you know the i seek divine benefit nepha that we benefit from the one who narrates it and from
the one from whom it is narrated by the inestable rank of the chosen
upon him the purest of the creator's blessings upon his family and rice's companion so that's the introduction the
scholars in the mukha will tend to praise allah subhanahu wa'ta'ala and then explain what they
they're planning on doing and why they did it so he's done that and fulfilled that quite succinctly the first chapter that
he has is on the neseb of the prophet now lineage is very important and the
yesterday and the day before talked about the five universals in our religion the so what what were
they that he said yesterday religion dean
life nephs intellect property and nessa and some
will add erd as a sixth human dignity but most put it in the
neseb that it's part of the idea of nasib so nessa is one of the
things that islam came to preserve the way that nasa is preserved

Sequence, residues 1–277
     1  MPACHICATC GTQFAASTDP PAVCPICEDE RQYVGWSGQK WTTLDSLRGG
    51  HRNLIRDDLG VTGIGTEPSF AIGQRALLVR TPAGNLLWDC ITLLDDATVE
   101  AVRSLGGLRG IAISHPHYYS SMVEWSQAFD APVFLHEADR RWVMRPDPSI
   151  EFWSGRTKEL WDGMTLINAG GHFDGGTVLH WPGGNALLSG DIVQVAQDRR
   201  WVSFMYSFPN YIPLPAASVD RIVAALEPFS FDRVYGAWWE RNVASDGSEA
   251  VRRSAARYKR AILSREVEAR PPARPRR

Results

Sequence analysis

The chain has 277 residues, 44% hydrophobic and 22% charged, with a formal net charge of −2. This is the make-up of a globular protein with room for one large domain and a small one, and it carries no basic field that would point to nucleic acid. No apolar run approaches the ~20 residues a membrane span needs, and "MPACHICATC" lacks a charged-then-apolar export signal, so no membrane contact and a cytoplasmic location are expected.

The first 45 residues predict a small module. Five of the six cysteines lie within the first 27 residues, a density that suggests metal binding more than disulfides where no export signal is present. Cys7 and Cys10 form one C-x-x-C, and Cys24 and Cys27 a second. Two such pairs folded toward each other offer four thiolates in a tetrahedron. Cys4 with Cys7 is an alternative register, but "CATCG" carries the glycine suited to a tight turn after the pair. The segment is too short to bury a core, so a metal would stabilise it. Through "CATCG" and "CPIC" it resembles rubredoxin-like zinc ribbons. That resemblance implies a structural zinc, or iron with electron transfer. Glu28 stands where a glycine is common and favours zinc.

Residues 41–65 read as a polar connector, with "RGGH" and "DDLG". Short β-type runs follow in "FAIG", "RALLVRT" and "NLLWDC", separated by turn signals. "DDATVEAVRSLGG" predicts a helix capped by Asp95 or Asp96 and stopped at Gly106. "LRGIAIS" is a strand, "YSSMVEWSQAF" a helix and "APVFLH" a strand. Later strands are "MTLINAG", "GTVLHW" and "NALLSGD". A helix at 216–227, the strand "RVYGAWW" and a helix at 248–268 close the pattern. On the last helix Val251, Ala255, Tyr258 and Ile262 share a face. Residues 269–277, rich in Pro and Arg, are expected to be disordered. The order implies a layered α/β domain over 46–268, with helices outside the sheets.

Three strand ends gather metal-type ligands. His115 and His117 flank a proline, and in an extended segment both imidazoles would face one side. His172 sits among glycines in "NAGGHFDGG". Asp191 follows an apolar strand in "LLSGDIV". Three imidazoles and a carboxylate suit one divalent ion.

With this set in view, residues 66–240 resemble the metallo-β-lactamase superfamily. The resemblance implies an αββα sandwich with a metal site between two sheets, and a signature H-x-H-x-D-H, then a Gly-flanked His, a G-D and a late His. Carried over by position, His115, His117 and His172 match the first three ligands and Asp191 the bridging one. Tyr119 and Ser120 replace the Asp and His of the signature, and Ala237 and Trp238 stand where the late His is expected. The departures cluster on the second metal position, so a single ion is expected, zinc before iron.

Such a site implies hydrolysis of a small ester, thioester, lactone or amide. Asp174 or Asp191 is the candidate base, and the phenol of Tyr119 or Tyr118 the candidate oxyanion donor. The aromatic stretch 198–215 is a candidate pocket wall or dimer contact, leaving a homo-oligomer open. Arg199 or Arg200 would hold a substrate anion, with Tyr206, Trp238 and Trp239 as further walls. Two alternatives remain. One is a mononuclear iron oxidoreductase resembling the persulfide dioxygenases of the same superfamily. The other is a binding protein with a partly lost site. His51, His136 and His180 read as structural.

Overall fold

you know don't don't go near fornication because it's a foul thing
it leads to a bad road so xena is prohibited to protect lineage
the knowledge of your parents and your grandparents is very
important there's a hadith
you know knowledge of lineage is a knowledge that is not necessarily beneficial and its
ignorance does not harm you the owner must say that that statement
is for people that delve too deeply into something like that but to have knowledge of your lineage is
very important to know who your relatives are to know who your aunts and uncles are and your cousins
these are all people of your argham to know where you came from to know who your people are those are very important things in islam